Townscape as text: the topography of social interaction in Fethard, county Tipperary, AD 1300-1700

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 Townscape as text: the topography of social interaction in Fethard, county Tipperary, AD 1300-1700

O’Keeffe, Tadhg (Department of Archaeology, National University of Ireland, Dublin – UCD)

Irish Geography, Volume 32 (1), 1999, 9-25

Abstract

Social order within medieval towns was simultaneously created by and reflected in the macro-scale structuring of the townscape and the micro-scale structuring of the buildings within it. Observed changes in the layout and architecture of towns through the medieval and early modern periods reflect changes in the practices of social interaction. This matter is explored in this paper in the context of Fethard, county Tipperary, where medieval fabric is exceptionally well-preserved. 




Occupants of medieval rural habitats may have regarded towns as places of social homogeneity. First, urban environments were defined in the landscape by town walls, mental barriers as well as physical barriers, and entry through those walls was regulated for and by those who resided within. Secondly, town walls gave spatial definition to the particular tenurial arrangement of which burgesses were the product, and possession of property by burgage tenure was sufficiently envied among rural folk that the promise of burgess status could entice migration from the countryside of one region to the urban habitat of another, as happened in Ireland (Otway-Ruthven, 1968: 116). But urban society was not static for the duration of the middle ages. On the contrary, the urban market-place provided opportunities for upward social mobility, just as the urban constitutions which ensured the steady heartbeat of urban life in the middle ages also empowered certain individuals within that society. Medieval townscapes communicated this diversity in contemporary urban social order by providing perpetual canvases for both the display of wealth and the expression of political influence, and, conversely, by rendering lower levels of wealth less easily concealed. That information is still available provided the evidence of the townscapes can be read.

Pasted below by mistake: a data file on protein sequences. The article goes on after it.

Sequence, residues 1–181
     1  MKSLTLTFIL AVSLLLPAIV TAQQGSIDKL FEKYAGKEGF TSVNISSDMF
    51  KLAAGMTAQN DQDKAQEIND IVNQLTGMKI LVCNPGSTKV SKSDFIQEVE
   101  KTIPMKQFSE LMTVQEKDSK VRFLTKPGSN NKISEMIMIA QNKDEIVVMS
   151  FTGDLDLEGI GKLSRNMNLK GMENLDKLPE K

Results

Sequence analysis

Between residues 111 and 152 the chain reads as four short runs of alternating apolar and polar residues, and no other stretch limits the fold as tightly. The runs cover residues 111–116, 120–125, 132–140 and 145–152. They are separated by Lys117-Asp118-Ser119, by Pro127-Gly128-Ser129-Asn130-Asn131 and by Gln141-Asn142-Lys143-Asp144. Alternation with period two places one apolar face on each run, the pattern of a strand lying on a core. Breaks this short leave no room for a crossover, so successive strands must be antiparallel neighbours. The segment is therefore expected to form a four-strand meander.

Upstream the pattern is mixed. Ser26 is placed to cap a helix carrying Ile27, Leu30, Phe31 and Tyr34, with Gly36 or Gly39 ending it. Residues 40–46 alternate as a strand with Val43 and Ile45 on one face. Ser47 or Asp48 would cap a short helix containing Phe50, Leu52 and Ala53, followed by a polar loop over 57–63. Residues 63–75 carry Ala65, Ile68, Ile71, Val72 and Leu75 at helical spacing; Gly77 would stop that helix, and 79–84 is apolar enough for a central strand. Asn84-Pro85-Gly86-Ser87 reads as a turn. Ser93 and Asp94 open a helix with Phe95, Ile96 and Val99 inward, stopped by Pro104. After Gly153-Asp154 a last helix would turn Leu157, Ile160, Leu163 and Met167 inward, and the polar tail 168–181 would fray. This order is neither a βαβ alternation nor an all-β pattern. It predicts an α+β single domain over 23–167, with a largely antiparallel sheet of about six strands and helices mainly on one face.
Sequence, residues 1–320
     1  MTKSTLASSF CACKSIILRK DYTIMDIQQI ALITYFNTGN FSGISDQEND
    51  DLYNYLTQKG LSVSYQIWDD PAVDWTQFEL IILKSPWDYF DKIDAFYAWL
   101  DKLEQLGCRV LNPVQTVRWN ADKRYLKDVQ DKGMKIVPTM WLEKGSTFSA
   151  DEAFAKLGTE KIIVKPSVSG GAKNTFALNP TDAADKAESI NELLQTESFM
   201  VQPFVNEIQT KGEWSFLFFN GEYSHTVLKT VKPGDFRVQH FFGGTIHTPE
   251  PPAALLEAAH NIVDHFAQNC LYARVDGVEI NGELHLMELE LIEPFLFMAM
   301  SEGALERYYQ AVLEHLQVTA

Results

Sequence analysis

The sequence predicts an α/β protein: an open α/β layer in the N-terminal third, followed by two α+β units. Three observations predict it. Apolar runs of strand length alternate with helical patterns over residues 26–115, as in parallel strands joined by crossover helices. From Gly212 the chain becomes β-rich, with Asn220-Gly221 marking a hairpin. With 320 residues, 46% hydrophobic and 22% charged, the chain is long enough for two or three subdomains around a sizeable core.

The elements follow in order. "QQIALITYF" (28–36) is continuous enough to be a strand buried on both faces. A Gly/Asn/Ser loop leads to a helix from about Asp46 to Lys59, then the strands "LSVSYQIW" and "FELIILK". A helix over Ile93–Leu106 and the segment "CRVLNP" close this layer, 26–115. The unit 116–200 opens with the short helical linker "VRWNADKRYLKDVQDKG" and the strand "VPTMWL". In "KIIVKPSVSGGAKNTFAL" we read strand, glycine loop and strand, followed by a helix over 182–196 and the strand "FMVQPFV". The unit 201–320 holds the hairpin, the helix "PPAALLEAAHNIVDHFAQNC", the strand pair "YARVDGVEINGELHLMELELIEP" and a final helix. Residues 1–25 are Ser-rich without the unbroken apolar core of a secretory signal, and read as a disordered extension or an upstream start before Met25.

Click here to read this article from Irish Geography

Sharan Newman